by Serajul Islam Quadir in Dhaka,
A senior doctor has warned that up to 5 percent Bangladeshis will be the lucky ones to get anti-COVID-19 vaccines in Bangladesh, where experts fear that some 20 million workers are likely to get unemployed due to the deadly virus.
A B M Abdullah, the personal physician of Prime Minister Sheikh Hasina, said that the vaccine must be effective and will be available some time middle of the next year globally.
“We may be able to provide 3 to 5 percent people of Bangladesh, a home of about 170 million people” he told a side-line virtual conference of the 75th United Nations’ General Assembly (UNGA) simultaneously held in Dhaka and New York, the headquarters of the United Nations.
He said it was important to invest more on research to find vaccines for such diseases.
Meanwhile, amid indications of a downward trend in new cases of infection, experts fear that as many as 20 million workers, mostly in Bangladesh’s ready-made garment sector, might be unemployed due to corona virus. The sector is the principal foreign exchange earner for this crowded country.
The world suffered a major blow in the economic front due to COVID-19 and Bangladesh had its share also, but performed better in recovering from the situation compared to many other developing countries.
The remarks came on September 30 during the conference organized on by Centre for Non-Resident Bangladeshis (NRB).
Mushreka Aroze Khan of the Centre for NRB in her key note paper said that between February and July this year, the country’s exports to the European Union declined by 5.56 percent.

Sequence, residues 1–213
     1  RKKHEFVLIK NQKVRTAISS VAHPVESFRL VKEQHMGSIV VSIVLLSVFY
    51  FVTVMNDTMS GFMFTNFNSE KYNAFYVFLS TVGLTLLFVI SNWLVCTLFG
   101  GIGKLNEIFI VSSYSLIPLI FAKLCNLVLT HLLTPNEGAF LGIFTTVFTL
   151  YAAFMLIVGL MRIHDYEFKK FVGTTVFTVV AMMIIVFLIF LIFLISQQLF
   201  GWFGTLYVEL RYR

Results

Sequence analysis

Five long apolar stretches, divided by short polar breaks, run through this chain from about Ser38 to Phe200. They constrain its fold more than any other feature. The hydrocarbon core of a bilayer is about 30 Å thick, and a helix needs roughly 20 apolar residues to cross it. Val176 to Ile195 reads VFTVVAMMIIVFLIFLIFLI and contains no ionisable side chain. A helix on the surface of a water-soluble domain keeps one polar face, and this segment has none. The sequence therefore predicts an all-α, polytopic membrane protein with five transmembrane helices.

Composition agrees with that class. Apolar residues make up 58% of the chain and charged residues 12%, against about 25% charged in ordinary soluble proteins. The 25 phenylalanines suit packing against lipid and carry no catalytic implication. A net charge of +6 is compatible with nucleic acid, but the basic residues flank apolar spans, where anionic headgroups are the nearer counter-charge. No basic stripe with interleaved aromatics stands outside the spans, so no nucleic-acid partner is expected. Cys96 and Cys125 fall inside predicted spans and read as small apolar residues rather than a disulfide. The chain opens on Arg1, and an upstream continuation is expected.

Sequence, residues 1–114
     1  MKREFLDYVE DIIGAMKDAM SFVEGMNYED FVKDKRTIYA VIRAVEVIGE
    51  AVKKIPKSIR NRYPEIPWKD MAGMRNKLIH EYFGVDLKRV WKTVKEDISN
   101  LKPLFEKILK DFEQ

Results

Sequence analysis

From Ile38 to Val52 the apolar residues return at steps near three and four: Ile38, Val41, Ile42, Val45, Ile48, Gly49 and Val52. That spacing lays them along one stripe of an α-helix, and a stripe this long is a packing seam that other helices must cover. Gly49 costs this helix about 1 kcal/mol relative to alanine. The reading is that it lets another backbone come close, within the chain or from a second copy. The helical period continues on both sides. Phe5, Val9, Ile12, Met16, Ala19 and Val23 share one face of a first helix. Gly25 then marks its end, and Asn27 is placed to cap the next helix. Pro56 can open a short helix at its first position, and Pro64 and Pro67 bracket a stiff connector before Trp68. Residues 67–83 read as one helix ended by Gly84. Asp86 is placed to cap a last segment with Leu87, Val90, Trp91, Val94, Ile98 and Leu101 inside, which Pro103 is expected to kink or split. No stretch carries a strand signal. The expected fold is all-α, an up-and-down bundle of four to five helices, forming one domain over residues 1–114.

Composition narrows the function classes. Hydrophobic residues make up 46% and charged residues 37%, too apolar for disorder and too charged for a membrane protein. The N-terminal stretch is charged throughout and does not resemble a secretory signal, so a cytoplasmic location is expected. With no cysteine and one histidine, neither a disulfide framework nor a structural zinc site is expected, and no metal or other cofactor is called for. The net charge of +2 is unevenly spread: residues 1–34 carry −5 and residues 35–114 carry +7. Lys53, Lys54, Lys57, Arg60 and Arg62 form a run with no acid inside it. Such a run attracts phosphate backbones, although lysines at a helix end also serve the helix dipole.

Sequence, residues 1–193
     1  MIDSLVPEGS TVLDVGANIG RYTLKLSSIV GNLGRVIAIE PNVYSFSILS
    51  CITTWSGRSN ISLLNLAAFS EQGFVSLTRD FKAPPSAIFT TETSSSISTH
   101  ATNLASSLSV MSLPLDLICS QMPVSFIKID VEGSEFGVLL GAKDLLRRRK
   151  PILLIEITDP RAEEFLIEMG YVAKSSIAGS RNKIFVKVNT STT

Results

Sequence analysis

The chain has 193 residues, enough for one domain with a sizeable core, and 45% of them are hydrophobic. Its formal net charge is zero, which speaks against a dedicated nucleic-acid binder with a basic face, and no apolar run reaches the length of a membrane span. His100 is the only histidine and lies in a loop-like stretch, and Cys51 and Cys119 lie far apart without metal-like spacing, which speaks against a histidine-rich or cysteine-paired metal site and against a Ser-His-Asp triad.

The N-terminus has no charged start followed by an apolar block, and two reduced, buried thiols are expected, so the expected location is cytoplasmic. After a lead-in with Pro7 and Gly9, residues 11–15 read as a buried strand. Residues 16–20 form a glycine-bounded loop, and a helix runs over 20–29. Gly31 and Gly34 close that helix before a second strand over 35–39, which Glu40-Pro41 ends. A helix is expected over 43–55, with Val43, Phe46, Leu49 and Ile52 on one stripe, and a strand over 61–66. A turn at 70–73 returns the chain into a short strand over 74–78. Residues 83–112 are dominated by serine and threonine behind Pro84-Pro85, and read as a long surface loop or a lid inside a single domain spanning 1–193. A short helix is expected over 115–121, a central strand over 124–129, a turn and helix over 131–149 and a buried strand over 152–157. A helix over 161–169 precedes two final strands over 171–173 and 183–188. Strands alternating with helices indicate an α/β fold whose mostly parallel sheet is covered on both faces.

Bangladesh’s Foreign Minister M.A. Momen said that the government has declared all together $12.1 billion stimulus package to protect a large number of vulnerable segments of the society as well as to boost up the export along with the overall economy despite the choppy circumstances.
“We are really a fortunate nation as we got a very pragmatic, dynamic and visionary far-sighted Prime Minister Sheikh Hasina, the competent daughter of Sheikh Mujibur Rahman, the Father of the nation, for taking steps to overcome the crisis,” Momen said.
M S Shekil Chowdhury, the NRB Chairperson, presided and moderated the conference on “Post Pandemic World Economy: Necessity of Togetherness.”
Guests, panelists and speakers in their deliberations highlighted the necessity of unity in the prevailing situation to fight COVID -19 and to revive Bangladesh’s economy.
The conference agreed that non-resident workers and UN peacekeepers must be utilized worldwide by providing them with adequate safety.
A business house of Bangladesh, TCBL Group, was the partner organization of the whole conference. The follow up session of the conference will be held in New York on December 30, 2020.
In her key note paper Mushreka said that migrant workers of Bangladesh must be given a “back-up support.”
“We provided full support to them as we are aware that the hard-earned remittances are the backbone of our economy after export earnings…. these two are the only sole source of foreign exchange, though we get handsome amount of cash by deploying Bangladeshis troopers in the UN peace keeping operations,” Momen, the Foreign Minister said.
He said, government has undertaken all measures to rehabilitate the migrant workers both inside and outside the country.
“They have been receiving full support to go back to their jobs abroad to help revive our economy as soon as possible.”
The participants included Economic Advisor to the premier Mashiur Rahman, Planning Minister M A Mannan, Health Minister Zahid Maleque, US-based physician Masudul Hassan, Secretary, Expatriate Welfare Ministry Ahmed Munirus Saleheen, David Kauper, a senior official of the US Embassy in Bangladesh, Emanul Haque, a noted economist from India, President of American Chamber in Bangladesh Syed Ershad Ahmed, Consul General in New York Sadia Faizunnessa and Victoria Perry, a senior official of New York Police Department.